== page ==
“So this is what happens when an unstoppable force meets an immovable object.”
Most superhero movies feel like a few action set pieces strung together by scenes that involve a lot of talking. This year, Iron Man did a great job of entertaining viewers throughout the movie, even in scenes that didn’t involve fights and explosions. It may end up being the movie I watch more than The Dark Knight in the long run, but the second in the series of reinventing Batman is the superior film. It’s moreso a story of Gotham City and the choices people make to maintain the delicate balance between chaos and peace than it is a story about Batman or the Joker. There’s only one scene that feels like a set piece, and it’s not really built up like a set piece. It’s just part of the story that needs to be told before we can move on to the next part.
That is not to say that Batman and the Joker (and plenty of other characters) get ample screen time. Although Ledger is getting most of the press—as he so deserves—it should be noted that Bale is pitch perfect as Batman. When you watch Superman or even the fully-covered face of Spider-Man, you wonder why no one in the movie realizes their secret identities. Their faces and voices are too obvious. But Bale somehow manages to completely transform himself when he’s in the Bat Suit. He growls his lines with true anger and menace, and his jaw doesn’t look like Bruce Wayne’s. The first time he appeared close up on the screen, I seriously wondered if it were Bale in the suit or some copycat imposter (a theme explored in the second scene of the movie and hopefully in later films).
That being said, Ledger is spectacular. I was too busy reveling in his brilliance to be sad about his death during the movie, but as I write this, I’m depressed by the fact that this young actor has departed our world. I thought he deserved the Oscar for his turn in Brokeback Mountain (with all due respect to Philip Seymour Hoffman, I never think someone who imitates a real-life person on film should win an Oscar for their performance), and he disappears in his role as the Joker just as he did as Enis in Brokeback. This isn’t the campy Joker of the TV show or the original Batman…this Joker is Loki, the agent of chaos. When you watch him, you won’t be thinking, “I’m watching a dead actor.” You’ll be thinking about how crazy the Joker is, and that he’s the last person you’d ever want to encounter on a dark street. Or anywhere.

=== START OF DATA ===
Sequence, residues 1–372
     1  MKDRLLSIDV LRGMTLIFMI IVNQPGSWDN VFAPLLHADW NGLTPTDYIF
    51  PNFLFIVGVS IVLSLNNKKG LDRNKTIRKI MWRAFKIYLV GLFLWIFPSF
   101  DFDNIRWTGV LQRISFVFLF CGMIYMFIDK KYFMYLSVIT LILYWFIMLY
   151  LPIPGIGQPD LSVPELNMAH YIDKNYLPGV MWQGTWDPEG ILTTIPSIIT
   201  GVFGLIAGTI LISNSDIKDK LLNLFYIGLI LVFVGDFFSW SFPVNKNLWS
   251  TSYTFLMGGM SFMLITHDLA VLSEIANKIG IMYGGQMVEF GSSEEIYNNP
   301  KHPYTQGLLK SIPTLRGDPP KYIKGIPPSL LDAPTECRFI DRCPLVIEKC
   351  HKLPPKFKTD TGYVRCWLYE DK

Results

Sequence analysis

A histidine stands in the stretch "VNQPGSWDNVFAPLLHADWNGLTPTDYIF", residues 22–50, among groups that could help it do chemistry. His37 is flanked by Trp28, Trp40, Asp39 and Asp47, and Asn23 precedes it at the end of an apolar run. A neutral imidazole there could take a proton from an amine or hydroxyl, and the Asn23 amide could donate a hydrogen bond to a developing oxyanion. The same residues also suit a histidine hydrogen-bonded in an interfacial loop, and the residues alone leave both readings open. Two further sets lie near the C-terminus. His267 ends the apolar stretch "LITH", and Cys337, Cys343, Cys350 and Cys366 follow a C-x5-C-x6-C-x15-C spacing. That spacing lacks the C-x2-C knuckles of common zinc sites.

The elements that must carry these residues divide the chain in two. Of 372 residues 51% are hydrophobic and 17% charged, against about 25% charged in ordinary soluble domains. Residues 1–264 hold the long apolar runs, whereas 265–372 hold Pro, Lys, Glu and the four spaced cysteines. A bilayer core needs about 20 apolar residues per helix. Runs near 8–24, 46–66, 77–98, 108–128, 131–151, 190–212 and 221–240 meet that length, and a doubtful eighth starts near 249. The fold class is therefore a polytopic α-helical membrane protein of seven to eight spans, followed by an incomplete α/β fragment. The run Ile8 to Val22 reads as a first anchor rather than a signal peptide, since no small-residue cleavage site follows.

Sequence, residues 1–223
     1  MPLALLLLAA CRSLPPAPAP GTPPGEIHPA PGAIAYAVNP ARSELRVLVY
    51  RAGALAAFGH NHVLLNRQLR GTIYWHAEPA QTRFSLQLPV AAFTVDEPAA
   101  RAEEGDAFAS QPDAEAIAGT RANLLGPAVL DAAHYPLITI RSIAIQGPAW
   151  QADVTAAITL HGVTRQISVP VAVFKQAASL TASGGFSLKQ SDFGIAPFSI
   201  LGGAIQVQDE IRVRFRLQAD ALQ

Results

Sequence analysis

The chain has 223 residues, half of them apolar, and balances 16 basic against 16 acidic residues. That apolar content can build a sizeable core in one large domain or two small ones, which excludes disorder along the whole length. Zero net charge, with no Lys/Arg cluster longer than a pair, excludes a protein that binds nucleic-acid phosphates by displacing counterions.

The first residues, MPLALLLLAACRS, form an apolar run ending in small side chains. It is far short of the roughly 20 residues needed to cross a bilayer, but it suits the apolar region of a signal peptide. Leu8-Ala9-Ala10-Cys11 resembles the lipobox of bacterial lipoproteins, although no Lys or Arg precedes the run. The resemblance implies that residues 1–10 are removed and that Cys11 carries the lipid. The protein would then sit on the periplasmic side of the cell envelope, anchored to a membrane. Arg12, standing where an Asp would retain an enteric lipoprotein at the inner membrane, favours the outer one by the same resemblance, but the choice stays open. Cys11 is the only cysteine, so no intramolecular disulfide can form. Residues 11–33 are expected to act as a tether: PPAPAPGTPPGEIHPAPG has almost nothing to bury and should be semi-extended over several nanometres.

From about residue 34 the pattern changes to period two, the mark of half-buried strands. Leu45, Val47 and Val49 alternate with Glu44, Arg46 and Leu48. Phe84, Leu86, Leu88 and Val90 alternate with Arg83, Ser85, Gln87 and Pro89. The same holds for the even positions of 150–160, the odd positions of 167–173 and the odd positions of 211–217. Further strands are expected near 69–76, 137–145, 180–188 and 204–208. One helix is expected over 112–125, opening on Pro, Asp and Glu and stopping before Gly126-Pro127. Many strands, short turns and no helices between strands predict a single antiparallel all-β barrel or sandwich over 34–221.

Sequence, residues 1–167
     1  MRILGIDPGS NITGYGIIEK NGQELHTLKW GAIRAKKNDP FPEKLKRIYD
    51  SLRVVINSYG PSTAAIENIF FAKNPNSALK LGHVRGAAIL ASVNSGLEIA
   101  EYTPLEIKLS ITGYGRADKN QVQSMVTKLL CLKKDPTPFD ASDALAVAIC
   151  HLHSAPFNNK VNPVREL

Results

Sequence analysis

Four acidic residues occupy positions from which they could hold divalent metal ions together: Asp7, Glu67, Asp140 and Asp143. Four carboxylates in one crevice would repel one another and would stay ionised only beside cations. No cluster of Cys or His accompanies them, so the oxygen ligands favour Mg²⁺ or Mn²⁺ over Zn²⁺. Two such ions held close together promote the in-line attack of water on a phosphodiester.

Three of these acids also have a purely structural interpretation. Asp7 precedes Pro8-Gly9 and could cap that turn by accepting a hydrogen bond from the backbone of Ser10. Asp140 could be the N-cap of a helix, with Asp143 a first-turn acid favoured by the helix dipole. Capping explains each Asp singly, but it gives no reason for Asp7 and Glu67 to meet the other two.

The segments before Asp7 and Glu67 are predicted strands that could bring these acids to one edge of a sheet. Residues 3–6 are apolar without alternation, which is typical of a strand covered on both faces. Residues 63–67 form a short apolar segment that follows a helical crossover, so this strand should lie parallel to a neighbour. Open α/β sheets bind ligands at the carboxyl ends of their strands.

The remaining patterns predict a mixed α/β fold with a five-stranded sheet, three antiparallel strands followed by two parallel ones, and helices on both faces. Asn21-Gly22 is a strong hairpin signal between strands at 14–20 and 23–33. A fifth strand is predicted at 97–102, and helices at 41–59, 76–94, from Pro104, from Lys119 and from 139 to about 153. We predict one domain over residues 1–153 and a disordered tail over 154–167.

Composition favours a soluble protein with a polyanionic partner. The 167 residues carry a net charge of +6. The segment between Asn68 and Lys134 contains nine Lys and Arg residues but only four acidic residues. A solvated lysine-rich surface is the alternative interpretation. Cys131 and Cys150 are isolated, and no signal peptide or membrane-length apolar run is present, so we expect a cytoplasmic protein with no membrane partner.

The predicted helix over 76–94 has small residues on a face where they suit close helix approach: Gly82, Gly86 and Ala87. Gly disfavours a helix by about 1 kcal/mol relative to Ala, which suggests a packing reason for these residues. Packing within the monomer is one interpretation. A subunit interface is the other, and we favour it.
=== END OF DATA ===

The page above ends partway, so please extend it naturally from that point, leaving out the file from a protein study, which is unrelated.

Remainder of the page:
All in all, the movie is a complex crime drama, not a superhero movie. It’s about choices—choices made not only by the main characters, but also by the people of Gotham. People just like you and me.
The only misstep is a scene that takes place in Hong Kong early in the movie. Although the action aspect of the scene is pretty cool, I just want to spend two and a half hours in Gotham. It’s a very minor complaint compared to the epic scale of the rest of the film.
I noted in yesterday’s entry that due to several distractions, I wasn’t giving the movie my complete attention. And yet it’s haunted me ever since I walked out of the theater. I absolutely can’t wait to watch this movie on DVD in my living room (where there are no little kids).